Between 1880 and 1930 colonial Singapore attracted tens of thousands of Chinese immigrant laborers, brought to serve its rapidly growing economy. This book chronicles the vast movement of coolies between China and the Nanyang, and their efforts to survive in colonial Singapore.
This is a well written history of the rickshaw in Singapore. For over half a century this means of transportation marked the daily life of the then British colony, only to be gradually superseded by motor transport in the XX century. Coolies came mostly from China and their immigration contributed to making the social composition of Sigapore what it is today. Their proletarian life tell us a lot about the ethical values, the politics and the economics of Singapore in that period (1880-1940). Gambling, brothels and opium smoking were part of a common lifestyle.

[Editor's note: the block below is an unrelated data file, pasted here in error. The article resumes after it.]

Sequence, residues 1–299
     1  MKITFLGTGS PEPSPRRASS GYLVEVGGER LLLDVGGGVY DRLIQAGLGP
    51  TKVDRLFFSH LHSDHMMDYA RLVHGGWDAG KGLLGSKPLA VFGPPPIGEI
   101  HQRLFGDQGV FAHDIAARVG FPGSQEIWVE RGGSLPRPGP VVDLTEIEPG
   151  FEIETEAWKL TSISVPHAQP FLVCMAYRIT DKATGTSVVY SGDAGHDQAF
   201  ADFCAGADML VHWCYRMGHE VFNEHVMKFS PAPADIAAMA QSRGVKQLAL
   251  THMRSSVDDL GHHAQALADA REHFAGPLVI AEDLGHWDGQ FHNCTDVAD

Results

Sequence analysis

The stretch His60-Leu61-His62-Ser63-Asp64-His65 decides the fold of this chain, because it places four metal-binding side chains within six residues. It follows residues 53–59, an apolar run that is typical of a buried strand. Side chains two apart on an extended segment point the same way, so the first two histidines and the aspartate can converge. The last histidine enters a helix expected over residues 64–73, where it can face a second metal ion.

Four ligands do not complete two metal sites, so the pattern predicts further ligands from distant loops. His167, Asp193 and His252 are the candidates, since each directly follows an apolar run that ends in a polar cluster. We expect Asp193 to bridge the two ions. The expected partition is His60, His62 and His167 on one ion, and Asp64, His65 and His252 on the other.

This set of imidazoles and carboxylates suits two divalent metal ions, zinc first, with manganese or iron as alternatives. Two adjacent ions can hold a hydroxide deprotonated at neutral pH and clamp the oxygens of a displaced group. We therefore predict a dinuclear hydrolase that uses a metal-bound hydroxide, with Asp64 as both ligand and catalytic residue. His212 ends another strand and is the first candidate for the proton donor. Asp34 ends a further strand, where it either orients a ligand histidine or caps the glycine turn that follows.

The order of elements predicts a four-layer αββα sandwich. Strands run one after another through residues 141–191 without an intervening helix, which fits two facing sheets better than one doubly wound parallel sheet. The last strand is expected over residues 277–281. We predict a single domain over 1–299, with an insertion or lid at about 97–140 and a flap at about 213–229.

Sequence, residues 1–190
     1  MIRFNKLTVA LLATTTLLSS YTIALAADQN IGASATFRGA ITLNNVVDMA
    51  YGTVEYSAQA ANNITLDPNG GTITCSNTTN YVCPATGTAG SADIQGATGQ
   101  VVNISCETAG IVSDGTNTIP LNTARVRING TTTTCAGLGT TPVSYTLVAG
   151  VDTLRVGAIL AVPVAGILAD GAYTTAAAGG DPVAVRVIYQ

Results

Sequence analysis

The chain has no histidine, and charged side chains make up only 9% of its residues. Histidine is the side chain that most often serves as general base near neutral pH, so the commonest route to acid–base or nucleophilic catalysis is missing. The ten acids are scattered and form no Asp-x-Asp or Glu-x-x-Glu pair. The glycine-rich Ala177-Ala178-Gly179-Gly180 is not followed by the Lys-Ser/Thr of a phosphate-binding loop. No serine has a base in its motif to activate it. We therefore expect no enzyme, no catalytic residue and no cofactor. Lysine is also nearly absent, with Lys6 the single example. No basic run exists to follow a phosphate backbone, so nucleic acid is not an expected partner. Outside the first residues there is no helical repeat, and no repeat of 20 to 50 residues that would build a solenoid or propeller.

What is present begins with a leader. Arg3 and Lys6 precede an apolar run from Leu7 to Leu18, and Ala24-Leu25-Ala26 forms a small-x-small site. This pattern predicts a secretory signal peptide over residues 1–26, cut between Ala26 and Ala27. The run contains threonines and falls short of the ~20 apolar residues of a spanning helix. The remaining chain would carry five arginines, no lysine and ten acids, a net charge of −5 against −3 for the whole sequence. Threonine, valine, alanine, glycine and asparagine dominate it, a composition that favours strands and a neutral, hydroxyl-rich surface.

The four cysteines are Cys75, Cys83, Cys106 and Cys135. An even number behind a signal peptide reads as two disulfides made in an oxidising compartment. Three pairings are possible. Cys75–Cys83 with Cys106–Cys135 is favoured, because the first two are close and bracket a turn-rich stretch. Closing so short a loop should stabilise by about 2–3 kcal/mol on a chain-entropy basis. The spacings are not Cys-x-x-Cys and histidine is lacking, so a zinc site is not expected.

The book provides an avalanche of details about individual episodes and this makes for excessively wordy chapters. The long appendices, with tables and tables of facts, might have sufficed to provide the historian's data. Nonetheless, this is strongly recommended reading to get an important perspective of life in Singapore as people really lived it in the period covered. Amazing to learn that rickshaws were, for many years, the sole ambulances in the colony! The rickshaw puller deserves his place in history and (unlike what is written on page 326) there is a rickshaw now at the National Museum.
|Puller's statue in Singapore's Chinatown|
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